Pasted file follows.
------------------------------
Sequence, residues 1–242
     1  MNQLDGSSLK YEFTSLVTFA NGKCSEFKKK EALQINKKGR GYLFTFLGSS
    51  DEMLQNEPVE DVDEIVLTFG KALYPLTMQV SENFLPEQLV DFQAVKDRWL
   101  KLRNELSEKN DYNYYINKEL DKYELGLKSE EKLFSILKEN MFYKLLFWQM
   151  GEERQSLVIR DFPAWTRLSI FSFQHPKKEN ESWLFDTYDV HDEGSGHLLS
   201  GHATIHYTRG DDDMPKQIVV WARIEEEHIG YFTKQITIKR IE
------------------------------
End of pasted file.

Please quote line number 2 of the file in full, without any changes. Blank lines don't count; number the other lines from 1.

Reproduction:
     1  MNQLDGSSLK YEFTSLVTFA NGKCSEFKKK EALQINKKGR GYLFTFLGSS